Beyond Search: FirstGov RSS directory
You often need to search, but you always need to keep up with the news. Government agencies have long offered email distribution lists. Now, they are starting to offer RSS. FirstGov has a new directory of RSS feeds operated by the federal government. The directory is part of the News section in FirstGov’s Reference Center. Feeds are listed under such categories as agriculture, health, and military. The categories are thinly populated at the moment but likely will expand as the government makes more feeds available. This new FirstGov section also has introductory information on RSS and RSS readers.
A privately maintained blog, librarian Ray Matthews’s RSS in Government had been providing the useful service of announcing new international, federal, state, and local government RSS feeds. The blog has gone into hibernation, but should re-emerge later this year. I will announce it in this column when it does.
Beyond Search: Online Reference Service
This resource goes beyond web search to tap those human search engines, librarians. Government Information Online is a virtual reference service specializing in answering questions about, as the name indicates, government information. It is a pilot program initiated and managed by the University of Illinois at Chicago and the Illinois State Library. Got a question? Submit the email form and look for a reply within 48 hours. Or use the online chat service, available Monday through Thursday, 9:00 a.m. to 9:00 p.m. EDT, and Friday, 9:00 a.m. to 6:00 p.m. EDT. The pilot project lasts through November 14, 2005. At that time, we can expect a report and news of whether, or how, the project can continue.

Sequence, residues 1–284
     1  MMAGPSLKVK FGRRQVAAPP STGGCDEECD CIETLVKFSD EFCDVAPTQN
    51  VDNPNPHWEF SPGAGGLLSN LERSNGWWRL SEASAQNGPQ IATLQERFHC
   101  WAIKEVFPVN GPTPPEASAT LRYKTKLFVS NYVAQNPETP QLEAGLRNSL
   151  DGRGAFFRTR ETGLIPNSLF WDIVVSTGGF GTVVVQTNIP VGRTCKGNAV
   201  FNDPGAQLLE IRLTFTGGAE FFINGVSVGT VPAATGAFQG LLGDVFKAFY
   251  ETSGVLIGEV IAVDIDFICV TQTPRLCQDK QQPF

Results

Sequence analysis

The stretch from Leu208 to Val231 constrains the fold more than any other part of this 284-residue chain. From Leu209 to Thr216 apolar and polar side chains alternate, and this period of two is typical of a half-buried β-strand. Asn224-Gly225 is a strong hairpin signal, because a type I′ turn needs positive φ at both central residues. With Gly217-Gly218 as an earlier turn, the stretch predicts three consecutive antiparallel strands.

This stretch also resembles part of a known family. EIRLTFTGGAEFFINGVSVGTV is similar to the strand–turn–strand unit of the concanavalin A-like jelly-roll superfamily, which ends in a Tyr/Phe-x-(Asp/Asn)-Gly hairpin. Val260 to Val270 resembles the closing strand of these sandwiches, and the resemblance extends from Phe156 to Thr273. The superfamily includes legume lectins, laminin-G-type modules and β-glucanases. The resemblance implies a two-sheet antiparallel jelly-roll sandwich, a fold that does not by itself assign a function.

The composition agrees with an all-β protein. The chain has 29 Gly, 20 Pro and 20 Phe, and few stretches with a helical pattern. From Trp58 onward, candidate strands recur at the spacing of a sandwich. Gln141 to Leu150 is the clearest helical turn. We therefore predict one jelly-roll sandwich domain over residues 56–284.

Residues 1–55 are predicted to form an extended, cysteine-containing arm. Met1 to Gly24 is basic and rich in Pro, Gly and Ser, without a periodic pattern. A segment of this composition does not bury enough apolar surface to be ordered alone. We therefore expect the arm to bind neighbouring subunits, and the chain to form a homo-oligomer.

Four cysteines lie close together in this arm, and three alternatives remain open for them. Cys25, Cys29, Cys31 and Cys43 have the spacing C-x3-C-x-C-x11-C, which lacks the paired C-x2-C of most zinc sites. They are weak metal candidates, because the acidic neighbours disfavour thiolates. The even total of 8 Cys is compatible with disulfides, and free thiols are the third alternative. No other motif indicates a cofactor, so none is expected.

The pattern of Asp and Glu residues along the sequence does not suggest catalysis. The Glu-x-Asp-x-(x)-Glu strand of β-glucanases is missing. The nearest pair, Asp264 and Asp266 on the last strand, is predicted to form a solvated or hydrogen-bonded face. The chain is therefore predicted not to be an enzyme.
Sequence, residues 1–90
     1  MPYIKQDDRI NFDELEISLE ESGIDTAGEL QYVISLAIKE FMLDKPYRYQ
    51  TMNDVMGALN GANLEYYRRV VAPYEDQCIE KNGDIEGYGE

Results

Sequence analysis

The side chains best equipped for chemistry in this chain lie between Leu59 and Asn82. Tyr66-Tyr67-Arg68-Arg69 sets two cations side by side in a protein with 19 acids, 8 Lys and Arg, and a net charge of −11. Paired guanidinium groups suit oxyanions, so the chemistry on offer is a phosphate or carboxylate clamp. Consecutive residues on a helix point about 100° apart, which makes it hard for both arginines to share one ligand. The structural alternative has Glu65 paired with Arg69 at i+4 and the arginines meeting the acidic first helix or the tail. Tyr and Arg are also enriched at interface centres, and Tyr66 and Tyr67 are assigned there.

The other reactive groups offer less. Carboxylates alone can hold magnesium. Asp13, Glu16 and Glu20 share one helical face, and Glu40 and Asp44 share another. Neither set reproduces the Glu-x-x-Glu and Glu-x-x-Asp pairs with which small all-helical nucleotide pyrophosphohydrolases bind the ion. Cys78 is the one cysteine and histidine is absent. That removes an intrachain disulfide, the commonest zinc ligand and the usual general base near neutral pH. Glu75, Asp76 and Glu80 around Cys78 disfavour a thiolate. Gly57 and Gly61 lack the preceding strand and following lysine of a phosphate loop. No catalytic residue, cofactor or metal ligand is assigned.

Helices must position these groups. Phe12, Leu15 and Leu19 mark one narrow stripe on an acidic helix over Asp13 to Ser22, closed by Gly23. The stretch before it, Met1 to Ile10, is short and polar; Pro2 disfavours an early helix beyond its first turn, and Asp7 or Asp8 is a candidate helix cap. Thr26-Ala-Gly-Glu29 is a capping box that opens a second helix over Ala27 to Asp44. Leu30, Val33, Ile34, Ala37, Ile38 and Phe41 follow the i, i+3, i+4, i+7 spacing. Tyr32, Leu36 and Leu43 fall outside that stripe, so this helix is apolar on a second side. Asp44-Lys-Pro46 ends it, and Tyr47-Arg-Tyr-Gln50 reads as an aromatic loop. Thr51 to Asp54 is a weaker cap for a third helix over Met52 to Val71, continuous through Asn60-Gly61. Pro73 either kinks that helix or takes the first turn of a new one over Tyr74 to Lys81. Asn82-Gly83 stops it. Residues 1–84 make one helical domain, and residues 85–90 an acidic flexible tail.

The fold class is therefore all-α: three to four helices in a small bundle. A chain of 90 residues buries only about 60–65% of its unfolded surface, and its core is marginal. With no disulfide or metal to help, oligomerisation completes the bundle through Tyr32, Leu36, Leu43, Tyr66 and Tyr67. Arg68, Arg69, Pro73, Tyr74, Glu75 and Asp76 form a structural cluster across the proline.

Government Information Online parallels the migration of government documents from print to online by making the reference services of government documents librarians available via the web. Thirty-two government documents libraries and GPO participate on a cooperative and volunteer basis. OCLC provides the resources, and the project uses OCLC’s QuestionPoint service.
Research is more than a word search, and researchers need to have a lot more in their toolboxes than a few handy search engines. A good librarian knows the best tools and sources -online and offline – to answer a question. An experienced reference librarian also knows how to work with a researcher who is still discovering what the question is. It will be interesting to see how the Government Information Online project develops along with the changing tools for government research.